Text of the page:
Pro: A level playing field could give states, counties and cities an annual boost of $23 billion
Twelve years after Falls Road Running Store opened, owner Jim Adams faces an uphill race against online competitors. A growing number of would-be customers try on shoes at his Baltimore store only to buy them later from websites that do not collect state sales taxes.
In states across the country, similar loopholes have tilted the competitive landscape against the brick-and-mortar stores that have been the foundation of America’s communities for generations. Leaders in Washington need to come together to ensure Main Street and online, remote retailers follow the same rules of the road.
Retailers compete with each other every day on price, service, convenience and selection. Good retailers try to match or exceed their competitors in every area. But, under the current system, the law gives remote sellers a singular advantage brick-and-mortar stores can’t match because they aren’t required to collect sales tax.
Why would anyone create such a backward policy? No one intended to do so. The loophole emerged as an unintended consequence of a Supreme Court ruling handed down in 1992—three years before Amazon.com sold its first book.
While the court ruled that states could not force “remote” retailers based in other parts of the country to collect sales taxes, the justices could not have known then how severely their decision would distort competition in an era of e-commerce. But in the 20 years since, retailers like Adams have learned the hard way. “It really hurts to spend time with a consumer in our store, watch them walk out the door with their phone in their hand saying, ‘Well, I think I will buy it from this place on the Internet,’” Adams said.
As stores have lost business, communities have lost much-needed jobs. In Ohio, for example, a recent study by the Economics Center at the University of Cincinnati found that leveling the playing field for local retailers could add 15,000 jobs to the state’s economy. Forcing online retailers to collect sales tax would also provide revenue for cash-strapped state and local governments. When online retailers avoid collecting these taxes, they deprive governments of the revenue needed to pay teachers, police officers and firefighters. According to the National Conference of State Legislatures, these losses could reach more than $23 billion this year nationally. That money could close the budget deficit in half the states.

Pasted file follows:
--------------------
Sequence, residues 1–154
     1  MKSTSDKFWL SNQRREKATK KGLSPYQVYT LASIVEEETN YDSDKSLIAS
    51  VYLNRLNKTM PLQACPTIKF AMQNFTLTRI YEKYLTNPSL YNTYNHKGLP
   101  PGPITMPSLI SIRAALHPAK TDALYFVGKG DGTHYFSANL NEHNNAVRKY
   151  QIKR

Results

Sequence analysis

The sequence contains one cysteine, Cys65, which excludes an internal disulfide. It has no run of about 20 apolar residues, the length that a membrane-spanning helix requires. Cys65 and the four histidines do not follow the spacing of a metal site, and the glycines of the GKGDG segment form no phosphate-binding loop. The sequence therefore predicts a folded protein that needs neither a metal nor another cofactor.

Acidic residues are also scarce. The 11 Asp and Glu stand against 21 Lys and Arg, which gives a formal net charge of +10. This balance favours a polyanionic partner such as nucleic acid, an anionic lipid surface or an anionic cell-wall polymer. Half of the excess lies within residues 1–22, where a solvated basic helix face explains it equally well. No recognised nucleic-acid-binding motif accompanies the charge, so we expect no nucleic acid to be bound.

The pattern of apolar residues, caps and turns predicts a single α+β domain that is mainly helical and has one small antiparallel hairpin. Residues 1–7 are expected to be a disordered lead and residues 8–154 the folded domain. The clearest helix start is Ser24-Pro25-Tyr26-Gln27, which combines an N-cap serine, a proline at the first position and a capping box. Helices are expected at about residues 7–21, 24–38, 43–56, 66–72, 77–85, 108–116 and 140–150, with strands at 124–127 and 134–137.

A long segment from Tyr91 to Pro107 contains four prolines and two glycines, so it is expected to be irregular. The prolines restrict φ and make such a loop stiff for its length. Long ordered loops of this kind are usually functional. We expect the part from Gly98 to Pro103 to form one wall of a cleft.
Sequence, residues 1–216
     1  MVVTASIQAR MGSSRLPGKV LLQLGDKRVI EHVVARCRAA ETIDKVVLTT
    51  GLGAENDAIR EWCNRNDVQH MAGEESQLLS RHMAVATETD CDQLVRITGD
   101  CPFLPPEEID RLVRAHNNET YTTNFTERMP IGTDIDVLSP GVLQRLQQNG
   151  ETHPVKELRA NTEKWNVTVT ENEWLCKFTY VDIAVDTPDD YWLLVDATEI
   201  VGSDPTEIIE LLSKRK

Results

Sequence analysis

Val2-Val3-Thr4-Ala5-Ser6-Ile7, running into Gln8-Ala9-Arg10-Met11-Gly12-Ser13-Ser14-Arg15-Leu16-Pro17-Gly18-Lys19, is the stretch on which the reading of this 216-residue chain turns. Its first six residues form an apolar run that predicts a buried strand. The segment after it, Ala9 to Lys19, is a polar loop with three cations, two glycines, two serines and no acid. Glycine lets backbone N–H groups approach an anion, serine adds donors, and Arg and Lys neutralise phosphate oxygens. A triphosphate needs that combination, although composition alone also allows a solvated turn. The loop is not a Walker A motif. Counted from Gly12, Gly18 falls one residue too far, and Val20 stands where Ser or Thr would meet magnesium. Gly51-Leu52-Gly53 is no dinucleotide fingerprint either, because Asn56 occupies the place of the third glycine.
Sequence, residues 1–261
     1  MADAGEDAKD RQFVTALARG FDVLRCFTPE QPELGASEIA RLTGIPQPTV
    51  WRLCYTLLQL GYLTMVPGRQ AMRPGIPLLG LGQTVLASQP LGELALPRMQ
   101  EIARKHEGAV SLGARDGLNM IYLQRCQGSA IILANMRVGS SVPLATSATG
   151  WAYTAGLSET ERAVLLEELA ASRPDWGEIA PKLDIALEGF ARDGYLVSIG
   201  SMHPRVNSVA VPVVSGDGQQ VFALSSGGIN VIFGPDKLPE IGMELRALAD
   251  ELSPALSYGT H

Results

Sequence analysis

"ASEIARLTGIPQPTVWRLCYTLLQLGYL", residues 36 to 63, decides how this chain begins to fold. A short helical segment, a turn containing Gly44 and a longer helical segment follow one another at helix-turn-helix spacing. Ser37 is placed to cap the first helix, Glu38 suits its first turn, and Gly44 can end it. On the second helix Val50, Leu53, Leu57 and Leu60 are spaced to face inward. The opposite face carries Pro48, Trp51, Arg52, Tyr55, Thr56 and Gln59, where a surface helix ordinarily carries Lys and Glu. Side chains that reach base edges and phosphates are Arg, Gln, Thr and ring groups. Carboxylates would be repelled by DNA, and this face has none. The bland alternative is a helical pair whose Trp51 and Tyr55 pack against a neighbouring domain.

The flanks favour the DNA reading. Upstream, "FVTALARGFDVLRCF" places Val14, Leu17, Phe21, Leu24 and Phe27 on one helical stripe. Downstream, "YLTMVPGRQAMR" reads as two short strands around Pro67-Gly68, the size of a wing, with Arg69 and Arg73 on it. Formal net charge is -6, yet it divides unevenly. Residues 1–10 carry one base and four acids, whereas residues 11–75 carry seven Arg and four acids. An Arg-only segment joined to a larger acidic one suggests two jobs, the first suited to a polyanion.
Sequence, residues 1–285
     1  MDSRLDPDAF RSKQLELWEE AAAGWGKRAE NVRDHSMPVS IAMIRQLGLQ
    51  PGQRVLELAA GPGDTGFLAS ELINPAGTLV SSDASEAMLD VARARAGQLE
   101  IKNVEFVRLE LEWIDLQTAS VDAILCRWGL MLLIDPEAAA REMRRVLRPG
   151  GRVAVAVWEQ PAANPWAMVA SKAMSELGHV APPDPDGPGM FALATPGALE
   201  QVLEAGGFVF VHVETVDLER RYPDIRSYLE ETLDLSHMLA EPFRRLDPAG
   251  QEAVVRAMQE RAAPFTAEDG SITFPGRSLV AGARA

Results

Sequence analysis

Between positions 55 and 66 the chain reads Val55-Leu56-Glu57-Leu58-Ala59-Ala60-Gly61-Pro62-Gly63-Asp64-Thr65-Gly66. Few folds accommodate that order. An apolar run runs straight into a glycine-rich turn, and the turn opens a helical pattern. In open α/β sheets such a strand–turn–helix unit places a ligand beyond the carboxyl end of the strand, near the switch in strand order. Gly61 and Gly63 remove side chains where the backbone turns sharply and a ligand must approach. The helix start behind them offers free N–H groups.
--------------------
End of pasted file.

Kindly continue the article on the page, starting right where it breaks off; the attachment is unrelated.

During a time of tough financial choices for state and local governments, the decision before Congress should be an easy one. Two decades after the Supreme Court opened this tax loophole, the time has come to close it. While the justices once worried about how remote retailers could navigate the complexities of so many different state and local sales tax systems, advances in software have overcome this challenge. Retailers can now calculate sales taxes as quickly as shipping costs. No wonder many online retailers, including Amazon.com, have joined the large majority of Americans who support making sales tax fairness the law of the land.
As a matter of interstate commerce, Congress must take the lead. Fortunately lawmakers in both parties have gotten the message. In the Senate, Democrats and Republicans have sponsored a bill called the Marketplace Fairness Act that would require online retailers to comply with state sales tax laws. To avoid burdening smaller merchants with compliance costs, the bill exempts online retailers with less than $500,000 in annual sales. In other words, casual sellers just looking to make a few extra bucks on eBay would have nothing to fear.
During this time of economic challenge, Main Street businesses across America have already paid their fair share. Now online retailers should, too. By enacting sales tax fairness, Congress can give Falls Road Running Store and other brick-and-mortar retailers the level playing field they deserve.
Matthew Shay is president and CEO of the National Retail Federation, the world’s largest retail trade association. Readers may write to him at NRF, 325 7th St. NW, Suite 100, Washington, D.C. 20004.